PORTLAND, OREGON: Ocean acidification, caused by rising CO2 levels, is affecting not only coral reefs, but coastal ecosystems by changing everything from the ability of oysters to adhere to the riverbed to the extent of dead zones along the U.S. Pacific coast.
Ocean acidification is occurring because CO2 from the burning of fossil fuels is dissolving in the seas, creating a weak carbonic acid solution. Much of the attention on the problem so far has focussed on coral reefs, which are particularly vulnerable to changes in pH (see “Oceans of acid”).
Combination of impacts
But riverine and other coastal environments may also be unusually vulnerable because they face a range of additional threats from problems such as pollution and variable levels of acidity and organic matter flowing into them, said Richard Feely, an oceanographer at the National Oceanic and Atmospheric Administration’s Pacific Marine Environmental Laboratory in Seattle, USA.
“Each estuary is different [and]… in coastal ecosystems, we have to think about combined impacts,” he said at a scientific meeting of the Coastal and Estuary Research Foundation in Portland, Oregon earlier this month.
Another danger is that coastal systems are highly variable. Adding the problem of acidification on top of their natural variability might push them over tipping points from which they cannot recover, added Burke Hales, an oceanographer at Oregon State University in Corvallis.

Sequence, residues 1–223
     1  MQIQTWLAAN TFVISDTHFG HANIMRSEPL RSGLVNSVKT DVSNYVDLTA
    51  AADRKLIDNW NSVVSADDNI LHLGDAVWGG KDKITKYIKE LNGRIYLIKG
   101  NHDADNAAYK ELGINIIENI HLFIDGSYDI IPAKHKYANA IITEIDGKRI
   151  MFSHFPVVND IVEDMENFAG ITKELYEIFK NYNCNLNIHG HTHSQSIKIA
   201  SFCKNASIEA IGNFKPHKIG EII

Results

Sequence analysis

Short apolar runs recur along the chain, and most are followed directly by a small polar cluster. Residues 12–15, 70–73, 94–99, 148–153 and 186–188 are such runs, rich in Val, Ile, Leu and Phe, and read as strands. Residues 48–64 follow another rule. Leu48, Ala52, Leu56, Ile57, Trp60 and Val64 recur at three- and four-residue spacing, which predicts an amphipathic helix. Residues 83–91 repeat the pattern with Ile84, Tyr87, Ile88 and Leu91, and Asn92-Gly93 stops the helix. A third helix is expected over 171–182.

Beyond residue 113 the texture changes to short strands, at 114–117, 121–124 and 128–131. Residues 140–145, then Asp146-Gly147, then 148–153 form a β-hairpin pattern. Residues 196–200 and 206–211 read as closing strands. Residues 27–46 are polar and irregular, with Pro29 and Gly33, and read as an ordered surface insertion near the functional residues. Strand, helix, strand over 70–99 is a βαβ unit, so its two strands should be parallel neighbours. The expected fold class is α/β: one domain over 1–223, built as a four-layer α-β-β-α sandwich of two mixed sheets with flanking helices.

Spiralling out of control
On the Northwest coast of North America, for example, shifting winds can alternately draw deep, more acidic water up to the surface or pull less acidic surface waters into the bays. The result is that the bays can see rapid changes in acidity with changes in the weather.
“This natural variability is pushing these systems close to important thresholds, and the creeping changes that go along with that [from climate change and ocean acidification] might be enough to push these systems over that line,” said Hales.
But, he added, “it’s not all bad news.” Upwelling waters from the deep may be acidic, but they also bring up a lot of nitrates. These can fertilise massive growth of phytoplankton, which form the basis of the coastal ecosystem.
These single-celled plants consume the carbon dioxide in the water, which is then quite suitable for the growth of shellfish when weather conditions cause it to flow into the bays. “Oysters do great [in estuaries],” Hales said, “These conditions are conducive to shell formation.”
That’s good news, he added for the region’s US$100 million oyster industry, which can choose the best times for pumping water from the bays into onshore spawning tanks, where the oysters are protected from subsequent changes in water acidity.
When the ocean functions properly he said, “it’s a delicately poised system that supports massive productivity.”
But, Hales warned, it doesn’t take a whole lot of ocean acidification to change everything. “The wheels can come off easily,” he said. Overall, he warns, the question is whether coastal systems such as that of the Pacific Northwest are resilient enough to change, or if they can easily spiral out of control.
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